Fast-forward to 12:55. I'm starving. It's almost lunch. I've finished the last piece of the membership newsletter and I'm just about to get the wireless to work so that I can e-mail it to some awaiting coworkers so it can be sent out. And "Flightplan" is just about to resolve itself.

And they call a new jury panel. And they call my number.

So I missed the end of "Flightplan" and still have no idea what actually happened. And I was late for lunch, and the members had to wait a few hours for their newsletter.

But – I finally was called to sit on a jury panel. I've loved the idea of jury service since I covered the courts for the Deseret News and fell in love with our judicial system. I finally get to see what happens behind the scenes.

It was a long day. Lots of sitting and waiting and 15-minute breaks and then sitting and waiting some more.

At the end of the day, I made the cut. I was one of the final 14 people still sitting in the juror box after all the attorneys, the defendant and the judge had had their say. I am a juror for a criminal case. It may sound strange, but this is a dream come true.

I am in love with our American system of justice. I know that a lot of people bemoan their mandatory summons for jury service. I got the hunch that most of the other people who were called to jury duty today were annoyed by the meticulous, detailed, step-by-step intricacies of today. Waiting for their number to be called. Waiting for the judge to repeat the exact language of the juror qualification questions for a third time. Waiting for the precise procedure to play out.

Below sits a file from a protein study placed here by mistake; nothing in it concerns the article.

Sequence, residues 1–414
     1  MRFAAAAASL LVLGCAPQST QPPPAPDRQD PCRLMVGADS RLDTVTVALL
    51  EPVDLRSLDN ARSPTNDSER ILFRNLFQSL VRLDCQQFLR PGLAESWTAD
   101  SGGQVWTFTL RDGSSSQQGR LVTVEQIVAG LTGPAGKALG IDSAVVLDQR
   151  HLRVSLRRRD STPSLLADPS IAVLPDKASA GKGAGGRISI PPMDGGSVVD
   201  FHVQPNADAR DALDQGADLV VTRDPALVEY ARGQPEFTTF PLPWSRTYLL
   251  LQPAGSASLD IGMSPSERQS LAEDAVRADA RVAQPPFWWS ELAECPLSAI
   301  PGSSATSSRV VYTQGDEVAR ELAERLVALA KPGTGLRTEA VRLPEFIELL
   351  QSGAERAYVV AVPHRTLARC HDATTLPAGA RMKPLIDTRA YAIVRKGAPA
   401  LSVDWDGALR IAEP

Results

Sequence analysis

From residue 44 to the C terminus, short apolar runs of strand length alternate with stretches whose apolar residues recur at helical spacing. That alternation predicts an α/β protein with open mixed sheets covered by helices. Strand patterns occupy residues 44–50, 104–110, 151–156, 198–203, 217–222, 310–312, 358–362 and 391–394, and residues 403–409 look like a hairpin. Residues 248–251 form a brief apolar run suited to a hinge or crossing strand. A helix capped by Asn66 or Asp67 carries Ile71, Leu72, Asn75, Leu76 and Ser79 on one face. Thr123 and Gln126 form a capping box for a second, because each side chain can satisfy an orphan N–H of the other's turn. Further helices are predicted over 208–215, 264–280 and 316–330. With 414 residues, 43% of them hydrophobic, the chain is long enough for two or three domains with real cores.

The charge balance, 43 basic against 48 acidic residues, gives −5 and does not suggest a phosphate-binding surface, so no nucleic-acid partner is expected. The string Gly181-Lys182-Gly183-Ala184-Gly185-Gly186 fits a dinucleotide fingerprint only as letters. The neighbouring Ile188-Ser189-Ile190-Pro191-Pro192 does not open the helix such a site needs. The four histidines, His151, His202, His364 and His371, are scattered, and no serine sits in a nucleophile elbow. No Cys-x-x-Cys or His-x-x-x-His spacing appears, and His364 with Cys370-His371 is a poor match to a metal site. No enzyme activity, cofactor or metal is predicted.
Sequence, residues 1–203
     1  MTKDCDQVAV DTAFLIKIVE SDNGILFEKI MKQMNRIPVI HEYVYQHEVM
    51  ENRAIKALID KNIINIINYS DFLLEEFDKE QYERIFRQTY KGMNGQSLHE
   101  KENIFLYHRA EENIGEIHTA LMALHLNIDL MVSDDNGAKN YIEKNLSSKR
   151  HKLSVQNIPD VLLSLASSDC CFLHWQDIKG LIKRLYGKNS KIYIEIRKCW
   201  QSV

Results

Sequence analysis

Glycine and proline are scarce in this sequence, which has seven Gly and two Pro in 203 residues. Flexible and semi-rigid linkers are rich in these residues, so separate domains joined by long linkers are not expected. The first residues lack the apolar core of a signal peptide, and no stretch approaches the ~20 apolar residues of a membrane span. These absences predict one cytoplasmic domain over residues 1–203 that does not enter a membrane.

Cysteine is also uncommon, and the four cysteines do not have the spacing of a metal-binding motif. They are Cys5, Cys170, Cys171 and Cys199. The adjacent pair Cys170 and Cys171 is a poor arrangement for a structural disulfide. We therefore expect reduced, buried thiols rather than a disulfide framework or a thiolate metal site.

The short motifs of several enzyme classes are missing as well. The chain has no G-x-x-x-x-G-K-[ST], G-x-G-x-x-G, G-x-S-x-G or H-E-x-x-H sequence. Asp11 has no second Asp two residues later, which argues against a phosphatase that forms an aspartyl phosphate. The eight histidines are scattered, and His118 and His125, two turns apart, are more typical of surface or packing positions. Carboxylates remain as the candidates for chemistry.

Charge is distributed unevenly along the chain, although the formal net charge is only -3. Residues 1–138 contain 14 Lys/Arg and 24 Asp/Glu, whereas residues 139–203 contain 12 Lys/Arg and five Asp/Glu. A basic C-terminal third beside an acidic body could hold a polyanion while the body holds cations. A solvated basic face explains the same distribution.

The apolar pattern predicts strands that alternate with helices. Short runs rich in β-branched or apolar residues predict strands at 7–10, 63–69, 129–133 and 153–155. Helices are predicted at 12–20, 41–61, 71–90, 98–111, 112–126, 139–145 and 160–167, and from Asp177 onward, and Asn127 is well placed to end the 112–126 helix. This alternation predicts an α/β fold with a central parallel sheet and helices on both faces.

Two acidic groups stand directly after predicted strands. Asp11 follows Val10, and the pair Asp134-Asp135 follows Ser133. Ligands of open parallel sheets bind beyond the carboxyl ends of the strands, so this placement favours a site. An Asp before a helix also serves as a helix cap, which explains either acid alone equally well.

I know that most people think legalities are trifling and excessive. I am really in love with it. Its exactness. The way it carefully and cautiously ensures a level playing field for defendant and accuser. Of all of America's ingenious systems, our judicial system is the most genius and the most amazing.

When I used to sit in courtrooms as a newspaper reporter, I usually had an opinion. I tried to remain as unbiased as I could for the sake of fair reporting. But I knew the cases' backstory. I heard the lawyers' chat in the hallway. I knew what the judge and the attorneys were talking about in the courtroom when the jurors were safely tucked away. I was impossibly biased, and I usually had a hoped-for outcome. I always wanted to be a juror, to see what that blank-slate feeling was like, to see if I could actually enter a trial completely free of preconception or bias. And here I am, about to be one-fourteenth of a panel deciding what will hereafter be considered the settled truth about what did and didn't happen in a specific case. And I can honestly say I have no idea what the outcome will be. I know nothing about the facts of the case, nor of the accusations or allegations. I don't know the defendant. I don't know the backstory.

I know I will make the right decision.

I know American justice is the final word in justice. I love this system – and now I'm part of it!